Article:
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Housing Sales Plummet, Set Off New Economic Jitters

Housing market has a 12 ½-month supply to work through.  Double dip ahead?  Are housing prices about to experience a double dip?  Existing home sales fell 27 percent in July to the lowest level reported since 1995.  The plunge occurred even though mortgage rates are at their lowest levels in decades and houses in most regions are priced to sell.  July sales fell to a seasonally adjusted annual rate of 3.83 million, according to the National Association of Realtors (NAR).  This was the largest monthly drop dating back to 1968, and the numbers raise questions about the overall health of the economy.

“The housing market is undermining the already faltering wider economic recovery,” said Paul Dales, U.S. economist with Capital Economics.  “With the increasingly inevitable double-dip in prices yet to come, things could yet get a lot worse.”  The weakest sales occurred in the lower- to mid-range prices.  In the Midwest, for example, homes priced between $100,000 and $250,000, plummeted by approximately 47 percent.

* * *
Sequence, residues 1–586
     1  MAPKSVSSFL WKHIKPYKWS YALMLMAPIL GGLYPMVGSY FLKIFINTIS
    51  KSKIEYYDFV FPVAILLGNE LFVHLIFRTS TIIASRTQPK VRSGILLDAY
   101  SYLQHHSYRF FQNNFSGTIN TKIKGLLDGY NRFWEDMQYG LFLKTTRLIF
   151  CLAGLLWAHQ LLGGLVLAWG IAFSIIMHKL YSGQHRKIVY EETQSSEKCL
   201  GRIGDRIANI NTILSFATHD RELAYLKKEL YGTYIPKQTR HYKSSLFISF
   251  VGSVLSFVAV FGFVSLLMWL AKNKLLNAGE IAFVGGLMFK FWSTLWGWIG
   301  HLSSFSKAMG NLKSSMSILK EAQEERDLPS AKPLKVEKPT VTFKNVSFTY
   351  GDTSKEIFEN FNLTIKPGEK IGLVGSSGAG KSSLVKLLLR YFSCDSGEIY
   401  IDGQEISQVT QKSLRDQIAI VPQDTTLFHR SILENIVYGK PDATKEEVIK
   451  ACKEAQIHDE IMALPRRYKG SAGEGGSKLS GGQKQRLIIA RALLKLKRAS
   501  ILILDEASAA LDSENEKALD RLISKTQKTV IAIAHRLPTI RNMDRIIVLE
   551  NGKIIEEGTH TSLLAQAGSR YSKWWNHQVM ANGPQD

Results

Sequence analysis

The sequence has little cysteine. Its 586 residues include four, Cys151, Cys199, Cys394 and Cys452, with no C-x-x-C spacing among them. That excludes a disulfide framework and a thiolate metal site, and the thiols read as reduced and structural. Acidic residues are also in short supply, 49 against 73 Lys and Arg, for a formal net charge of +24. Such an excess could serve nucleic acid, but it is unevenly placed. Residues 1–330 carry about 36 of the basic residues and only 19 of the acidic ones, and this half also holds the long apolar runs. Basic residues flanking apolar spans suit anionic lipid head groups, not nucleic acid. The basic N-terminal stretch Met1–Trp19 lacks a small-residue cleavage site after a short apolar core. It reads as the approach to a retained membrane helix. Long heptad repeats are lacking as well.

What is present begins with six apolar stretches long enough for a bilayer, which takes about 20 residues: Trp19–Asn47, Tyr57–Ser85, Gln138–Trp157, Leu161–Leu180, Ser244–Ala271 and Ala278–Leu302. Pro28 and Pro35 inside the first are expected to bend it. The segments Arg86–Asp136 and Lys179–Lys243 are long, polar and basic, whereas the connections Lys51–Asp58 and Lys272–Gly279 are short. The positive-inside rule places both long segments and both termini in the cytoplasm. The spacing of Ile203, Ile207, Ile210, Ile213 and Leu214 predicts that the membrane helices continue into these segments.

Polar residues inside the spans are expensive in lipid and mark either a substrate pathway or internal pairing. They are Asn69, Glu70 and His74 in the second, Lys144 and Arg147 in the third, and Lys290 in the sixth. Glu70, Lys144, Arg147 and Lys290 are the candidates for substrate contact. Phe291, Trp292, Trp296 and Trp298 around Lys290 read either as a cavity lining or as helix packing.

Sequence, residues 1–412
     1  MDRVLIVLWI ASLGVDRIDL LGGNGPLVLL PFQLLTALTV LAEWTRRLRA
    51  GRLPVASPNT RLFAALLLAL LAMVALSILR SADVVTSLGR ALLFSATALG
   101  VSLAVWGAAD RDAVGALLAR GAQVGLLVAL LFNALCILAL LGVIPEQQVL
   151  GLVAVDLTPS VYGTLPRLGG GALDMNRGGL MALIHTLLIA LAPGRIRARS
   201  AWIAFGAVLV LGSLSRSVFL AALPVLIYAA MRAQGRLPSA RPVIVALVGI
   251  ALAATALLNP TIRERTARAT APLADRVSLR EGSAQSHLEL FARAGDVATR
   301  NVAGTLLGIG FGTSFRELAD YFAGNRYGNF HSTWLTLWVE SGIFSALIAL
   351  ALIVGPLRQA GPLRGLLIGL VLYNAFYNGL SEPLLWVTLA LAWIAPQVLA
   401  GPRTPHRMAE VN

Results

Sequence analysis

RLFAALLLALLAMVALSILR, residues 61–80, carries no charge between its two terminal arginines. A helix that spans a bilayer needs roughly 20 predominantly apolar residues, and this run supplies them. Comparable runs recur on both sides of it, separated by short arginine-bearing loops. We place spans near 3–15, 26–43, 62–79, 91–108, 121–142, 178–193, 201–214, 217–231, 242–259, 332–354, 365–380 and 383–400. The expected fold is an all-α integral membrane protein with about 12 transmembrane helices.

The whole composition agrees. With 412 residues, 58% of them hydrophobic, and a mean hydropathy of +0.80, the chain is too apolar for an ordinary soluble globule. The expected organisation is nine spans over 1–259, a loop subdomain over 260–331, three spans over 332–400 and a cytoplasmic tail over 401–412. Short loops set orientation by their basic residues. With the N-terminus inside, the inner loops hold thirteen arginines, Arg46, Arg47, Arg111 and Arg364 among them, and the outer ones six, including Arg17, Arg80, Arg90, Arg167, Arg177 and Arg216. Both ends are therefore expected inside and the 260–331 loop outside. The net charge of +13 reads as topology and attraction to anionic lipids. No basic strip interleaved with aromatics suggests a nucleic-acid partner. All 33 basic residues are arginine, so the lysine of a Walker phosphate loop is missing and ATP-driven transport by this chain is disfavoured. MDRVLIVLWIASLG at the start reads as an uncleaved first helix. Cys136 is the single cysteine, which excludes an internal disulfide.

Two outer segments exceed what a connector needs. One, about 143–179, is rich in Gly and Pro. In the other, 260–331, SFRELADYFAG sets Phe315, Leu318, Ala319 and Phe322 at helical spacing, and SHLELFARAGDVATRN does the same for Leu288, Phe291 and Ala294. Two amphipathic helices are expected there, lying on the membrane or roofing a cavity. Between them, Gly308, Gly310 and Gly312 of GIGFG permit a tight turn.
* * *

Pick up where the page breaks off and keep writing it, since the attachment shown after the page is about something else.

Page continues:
Although sales in spring were strong – spurred by a tax credit for first-time homebuyers that expired at the end of April – the inventory of unsold homes soared to nearly four million nationally at the end of July.  At the current pace of sales, that’s a 12.5-month supply and the highest level seen in more than 10 years.  A healthy level is considered to be six months.

“A pause period for home sales is likely to last through September,” Lawrence Yun, the NAR’s chief economist, said. “However, given the rock-bottom mortgage interest rates and historically high housing affordability conditions, the pace of a sales recovery could pick up quickly, provided the economy consistently adds jobs.”

“A sustained upturn (in the housing market) will depend on an improvement in the jobs market, which at the moment is slowing down rather than gathering pace,” said Nigel Gault, an economist at IHS Global Insight.

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